Calvin McKinney

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Calvin McKinney
Calvin Mckinney.png
Former candidate for
Board member, Kanawha County School Board, At-large
Elections and appointments
Last electionMay 13, 2014
Term limitsN/A
Bachelor'sWest Virginia University Institute of Technology
Master'sMarshall University, West Virginia College of Graduate Studies
ProfessionRetired educator
Campaign website
Calvin McKinney campaign logo
Ballotpedia's school board candidate survey
Calvin McKinney was a candidate for an at-large seat on the Kanawha County school board in West Virginia on May 13, 2014.


McKinney has 40 years of experience in Kanawha County schools. He earned a Bachelor's degree in Industrial Arts from the West Virginia University Institute of Technology in 1968, a Master's degree in Counseling and Guidance from Marshall University in 1972 and a Master's degree in Education Administration from the West Virginia College of Graduate Studies in 1973. McKinney was a teacher at Roosevelt Junior High from 1969 to 1977, the assistant principal at Roosevelt Junior High from 1977 to 1978, the assistant principal at John Adams Junior High from 1978 to 1984 and the principal of Sissonville High from 1984 to 1998 and from 2002 to 2012. He is the president of the Kanawha County Schoolmasters Association, a deputy board member for the Secondary Schools Activities Commission, a member of the West Virginia Secondary Principals Association and a member of the National Association of Secondary School Principals. McKinney and his wife, Carol, have three children and five grandchildren.[1]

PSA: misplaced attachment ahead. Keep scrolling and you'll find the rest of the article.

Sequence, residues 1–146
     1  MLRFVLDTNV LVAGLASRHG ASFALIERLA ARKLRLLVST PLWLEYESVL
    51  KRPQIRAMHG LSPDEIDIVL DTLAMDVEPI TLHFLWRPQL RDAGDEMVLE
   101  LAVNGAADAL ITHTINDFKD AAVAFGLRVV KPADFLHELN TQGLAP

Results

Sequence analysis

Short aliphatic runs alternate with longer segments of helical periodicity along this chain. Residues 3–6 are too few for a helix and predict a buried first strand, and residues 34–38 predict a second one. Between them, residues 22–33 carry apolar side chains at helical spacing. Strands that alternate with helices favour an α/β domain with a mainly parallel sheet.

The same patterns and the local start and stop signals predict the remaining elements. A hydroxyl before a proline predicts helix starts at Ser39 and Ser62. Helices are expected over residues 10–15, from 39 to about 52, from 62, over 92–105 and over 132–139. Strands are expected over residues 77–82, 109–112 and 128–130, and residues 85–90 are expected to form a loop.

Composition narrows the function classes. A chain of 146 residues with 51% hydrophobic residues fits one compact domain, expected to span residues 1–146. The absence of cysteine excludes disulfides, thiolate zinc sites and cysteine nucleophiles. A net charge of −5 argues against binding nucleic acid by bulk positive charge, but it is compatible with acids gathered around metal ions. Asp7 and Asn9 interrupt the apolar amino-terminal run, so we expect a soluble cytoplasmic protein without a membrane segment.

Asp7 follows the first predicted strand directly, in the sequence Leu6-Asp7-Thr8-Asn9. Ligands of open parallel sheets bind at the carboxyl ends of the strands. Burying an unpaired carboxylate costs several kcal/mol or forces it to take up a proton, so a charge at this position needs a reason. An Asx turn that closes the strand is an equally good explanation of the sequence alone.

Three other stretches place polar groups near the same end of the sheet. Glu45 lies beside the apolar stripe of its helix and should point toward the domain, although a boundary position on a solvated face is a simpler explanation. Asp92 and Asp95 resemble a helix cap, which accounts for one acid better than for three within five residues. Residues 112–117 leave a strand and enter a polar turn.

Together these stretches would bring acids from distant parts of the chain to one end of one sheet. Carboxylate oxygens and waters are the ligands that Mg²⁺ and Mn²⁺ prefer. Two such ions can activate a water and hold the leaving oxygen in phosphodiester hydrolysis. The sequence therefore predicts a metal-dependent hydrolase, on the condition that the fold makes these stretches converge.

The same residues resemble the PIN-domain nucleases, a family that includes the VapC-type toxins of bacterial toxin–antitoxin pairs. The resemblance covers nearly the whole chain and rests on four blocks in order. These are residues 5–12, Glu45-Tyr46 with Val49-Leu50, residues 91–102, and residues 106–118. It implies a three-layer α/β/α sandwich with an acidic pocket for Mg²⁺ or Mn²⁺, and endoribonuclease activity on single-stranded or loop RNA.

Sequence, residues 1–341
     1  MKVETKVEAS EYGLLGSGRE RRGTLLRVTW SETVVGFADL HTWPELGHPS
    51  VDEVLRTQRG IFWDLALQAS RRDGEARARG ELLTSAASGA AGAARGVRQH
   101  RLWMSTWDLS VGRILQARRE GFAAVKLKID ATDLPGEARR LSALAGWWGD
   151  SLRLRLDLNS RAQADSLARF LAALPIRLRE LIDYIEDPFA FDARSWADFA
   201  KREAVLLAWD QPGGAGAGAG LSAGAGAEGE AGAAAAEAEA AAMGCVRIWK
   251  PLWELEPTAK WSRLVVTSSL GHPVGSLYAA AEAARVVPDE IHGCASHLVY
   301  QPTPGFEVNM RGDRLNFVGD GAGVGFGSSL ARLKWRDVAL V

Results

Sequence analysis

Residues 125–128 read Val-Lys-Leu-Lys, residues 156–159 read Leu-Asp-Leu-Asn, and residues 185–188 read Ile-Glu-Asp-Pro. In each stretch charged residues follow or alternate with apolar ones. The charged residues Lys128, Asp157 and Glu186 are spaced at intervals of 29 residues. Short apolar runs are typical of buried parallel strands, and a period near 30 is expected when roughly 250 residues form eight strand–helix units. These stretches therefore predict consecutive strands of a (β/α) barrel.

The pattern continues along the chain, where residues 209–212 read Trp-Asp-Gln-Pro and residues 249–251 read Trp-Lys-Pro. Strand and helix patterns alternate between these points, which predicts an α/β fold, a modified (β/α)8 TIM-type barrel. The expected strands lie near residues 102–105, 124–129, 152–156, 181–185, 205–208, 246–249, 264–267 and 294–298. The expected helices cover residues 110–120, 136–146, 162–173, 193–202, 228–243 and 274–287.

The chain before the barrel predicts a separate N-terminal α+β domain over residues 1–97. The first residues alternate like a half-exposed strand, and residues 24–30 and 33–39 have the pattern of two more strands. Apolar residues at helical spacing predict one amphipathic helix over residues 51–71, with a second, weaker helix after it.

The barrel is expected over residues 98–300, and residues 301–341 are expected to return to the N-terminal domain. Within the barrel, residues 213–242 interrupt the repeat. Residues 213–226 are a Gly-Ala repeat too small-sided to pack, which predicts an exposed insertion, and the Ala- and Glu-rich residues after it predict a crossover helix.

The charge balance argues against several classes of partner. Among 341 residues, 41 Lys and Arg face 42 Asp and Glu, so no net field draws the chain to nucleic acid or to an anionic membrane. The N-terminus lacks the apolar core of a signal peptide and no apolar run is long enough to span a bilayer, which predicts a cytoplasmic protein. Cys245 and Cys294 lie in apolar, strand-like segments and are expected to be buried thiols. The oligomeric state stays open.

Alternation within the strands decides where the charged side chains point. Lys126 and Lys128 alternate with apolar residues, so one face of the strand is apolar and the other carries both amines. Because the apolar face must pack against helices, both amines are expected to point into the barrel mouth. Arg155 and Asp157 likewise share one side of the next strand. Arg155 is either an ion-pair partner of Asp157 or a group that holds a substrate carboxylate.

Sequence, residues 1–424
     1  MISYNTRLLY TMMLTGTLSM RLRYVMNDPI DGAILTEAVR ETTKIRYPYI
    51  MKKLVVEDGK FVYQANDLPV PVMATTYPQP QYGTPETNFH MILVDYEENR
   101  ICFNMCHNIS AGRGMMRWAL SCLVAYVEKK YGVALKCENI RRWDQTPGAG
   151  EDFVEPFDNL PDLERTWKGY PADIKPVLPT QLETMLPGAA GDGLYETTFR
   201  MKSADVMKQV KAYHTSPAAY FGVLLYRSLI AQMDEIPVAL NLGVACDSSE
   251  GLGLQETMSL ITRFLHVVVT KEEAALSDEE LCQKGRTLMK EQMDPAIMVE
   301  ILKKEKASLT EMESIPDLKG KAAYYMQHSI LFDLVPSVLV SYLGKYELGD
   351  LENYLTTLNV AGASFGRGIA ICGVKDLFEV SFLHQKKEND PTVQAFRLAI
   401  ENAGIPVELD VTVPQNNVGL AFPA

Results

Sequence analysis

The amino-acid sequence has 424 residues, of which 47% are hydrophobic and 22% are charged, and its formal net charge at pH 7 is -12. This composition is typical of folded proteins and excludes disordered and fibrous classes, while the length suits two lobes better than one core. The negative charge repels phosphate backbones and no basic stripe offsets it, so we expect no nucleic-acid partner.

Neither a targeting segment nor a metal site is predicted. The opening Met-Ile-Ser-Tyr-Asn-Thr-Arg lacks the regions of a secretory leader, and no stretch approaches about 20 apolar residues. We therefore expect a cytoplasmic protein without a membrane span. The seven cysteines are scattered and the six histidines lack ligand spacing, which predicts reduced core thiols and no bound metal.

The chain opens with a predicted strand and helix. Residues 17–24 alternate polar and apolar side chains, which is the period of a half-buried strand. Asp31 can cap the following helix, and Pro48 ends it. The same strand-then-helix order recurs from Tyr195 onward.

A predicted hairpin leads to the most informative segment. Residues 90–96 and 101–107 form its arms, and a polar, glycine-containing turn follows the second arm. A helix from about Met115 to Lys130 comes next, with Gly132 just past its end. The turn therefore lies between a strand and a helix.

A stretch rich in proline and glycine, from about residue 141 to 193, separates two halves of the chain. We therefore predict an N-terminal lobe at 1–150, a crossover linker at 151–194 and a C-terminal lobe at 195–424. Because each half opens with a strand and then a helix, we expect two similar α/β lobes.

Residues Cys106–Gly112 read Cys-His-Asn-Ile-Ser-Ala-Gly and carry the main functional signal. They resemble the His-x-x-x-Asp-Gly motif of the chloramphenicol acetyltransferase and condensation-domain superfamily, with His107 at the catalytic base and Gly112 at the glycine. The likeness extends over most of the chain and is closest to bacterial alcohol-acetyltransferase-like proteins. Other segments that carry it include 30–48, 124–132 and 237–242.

See also: Kanawha County Schools elections (2014)


Calvin McKinney challenged Curtis Robinson, Vic Sprouse, Becky Jordan, Pete Thaw, Ryan White and Tracy White for one of three at-large seats in the general election on May 13, 2014.


Kanawha County Schools, At-Large General Election, 4-year term, 2014
Party Candidate Vote % Votes
     Nonpartisan Green check mark transparent.pngRyan White 23% 14,403
     Nonpartisan Green check mark transparent.pngPete Thaw Incumbent 19.3% 12,101